Seating for tonight’s vice presidential debate is very limited as part of the coronavirus mitigation efforts. However, there are some lucky university students who will get to attend in person, including Max Roberts from Utah State University. UPR’s Eliza Hardy spoke with him ahead of tonight's debate to see what he is looking forward to.
Eliza Hardy: Thank you so much Max for joining me. First I’d like to ask you, what you’re studying at Utah State University?
Max Robert: I am studying journalism and political science, with minors in marketing and anticipatory intelligence.
EH: How did you get the opportunity of going to the debate tonight?
MR: I guess it's not really a long story. But last spring, I interned for the House of Representatives through the Institute of Government Politics (at Utah State Universtiy.) And then this year, that organization on campus asked me to serve on their student advisory board. And one of the faculty advisors is also in my political science professors, Robert Ross, and he is on the Utah Debate Commission. And they were each given a ticket for one student from each of the universities other than the University of Utah to attend the debate tonight.
EH: What are you hoping to see tonight?
MR: I think this debate is going to be very interesting compared to last week's presidential debate. I mean, last week's debate was chaotic, to say the least. And I think this week, at least for myself, and hopefully what a lot of other voters are looking for, is for some sign of stability from the vice presidential candidates.
I think voters, and myself, we want to see and we want to actually hear a clear message from the candidates. And then last week, I think, for the most part, the debate really just reaffirmed to voters who they have already decidied for. It just really reaffirmed their existing decision. But for maybe a few in the middle, it just confused them even more.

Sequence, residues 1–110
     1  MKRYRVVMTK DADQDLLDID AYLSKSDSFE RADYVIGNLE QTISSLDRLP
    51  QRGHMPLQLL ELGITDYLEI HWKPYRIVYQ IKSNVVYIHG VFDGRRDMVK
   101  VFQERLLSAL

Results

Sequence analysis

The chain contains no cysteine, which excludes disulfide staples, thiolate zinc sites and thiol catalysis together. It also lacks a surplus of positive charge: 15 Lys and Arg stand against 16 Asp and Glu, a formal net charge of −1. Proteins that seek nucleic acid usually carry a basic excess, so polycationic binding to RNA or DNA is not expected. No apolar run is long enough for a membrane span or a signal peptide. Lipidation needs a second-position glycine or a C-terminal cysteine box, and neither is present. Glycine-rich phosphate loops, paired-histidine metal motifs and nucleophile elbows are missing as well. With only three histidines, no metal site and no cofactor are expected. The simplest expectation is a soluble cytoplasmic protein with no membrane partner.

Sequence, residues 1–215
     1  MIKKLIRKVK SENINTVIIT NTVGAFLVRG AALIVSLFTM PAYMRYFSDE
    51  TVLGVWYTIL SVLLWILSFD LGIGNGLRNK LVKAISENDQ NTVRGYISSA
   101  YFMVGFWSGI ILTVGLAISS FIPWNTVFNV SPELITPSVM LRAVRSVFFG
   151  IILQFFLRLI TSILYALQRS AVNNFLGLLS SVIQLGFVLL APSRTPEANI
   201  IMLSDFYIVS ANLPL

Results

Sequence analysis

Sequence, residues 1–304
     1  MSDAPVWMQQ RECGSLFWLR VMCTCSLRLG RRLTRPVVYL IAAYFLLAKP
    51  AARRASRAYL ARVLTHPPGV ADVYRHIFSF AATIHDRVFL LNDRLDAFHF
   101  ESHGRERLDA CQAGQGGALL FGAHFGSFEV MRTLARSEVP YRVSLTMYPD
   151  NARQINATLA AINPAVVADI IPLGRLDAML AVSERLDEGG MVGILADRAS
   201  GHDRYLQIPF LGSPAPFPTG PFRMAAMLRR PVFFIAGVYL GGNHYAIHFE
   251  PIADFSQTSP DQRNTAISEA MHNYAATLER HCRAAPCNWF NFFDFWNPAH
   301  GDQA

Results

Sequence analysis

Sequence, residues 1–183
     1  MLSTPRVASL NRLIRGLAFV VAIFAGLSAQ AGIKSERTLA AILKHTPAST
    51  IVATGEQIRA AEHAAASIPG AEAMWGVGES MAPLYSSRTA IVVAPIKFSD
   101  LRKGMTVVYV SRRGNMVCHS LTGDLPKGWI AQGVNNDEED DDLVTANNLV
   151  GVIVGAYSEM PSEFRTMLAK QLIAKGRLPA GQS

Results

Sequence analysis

And so I think this debate is going to be especially important for, you know, the candidates to talk about those really important issues, like COVID-19, racial justice, the Supreme Court nomination. All of those I think voters actually want to hear, you know, what the actual positions are. Because last week, no one got that.
EH:Will this debate change your vote?
MR: So for myself, I have already decided who I'm going to vote for and I honestly don't see a huge chance of my vote moving to the other direction. But I do think that it's possible for a few voters to maybe switch sides or to maybe actually make that decision.
This is like really nerdy political science talk. But historically, debates don't really change a lot of public opinion. If anything it just, you know, it just solidifies what people are going to do. So rather than listen to change my opinion, or change my decision at this point, I think I'm just more looking for some clarity from both sides, as well as hopefully some just some show of support and confidence in our electoral process.
EH: Thank you so much for your time, Max. For those of us who weren’t lucky enough to get into the debate hall at the University of Utah, UPR will be broadcasting the event live at 7 p.m. tonight.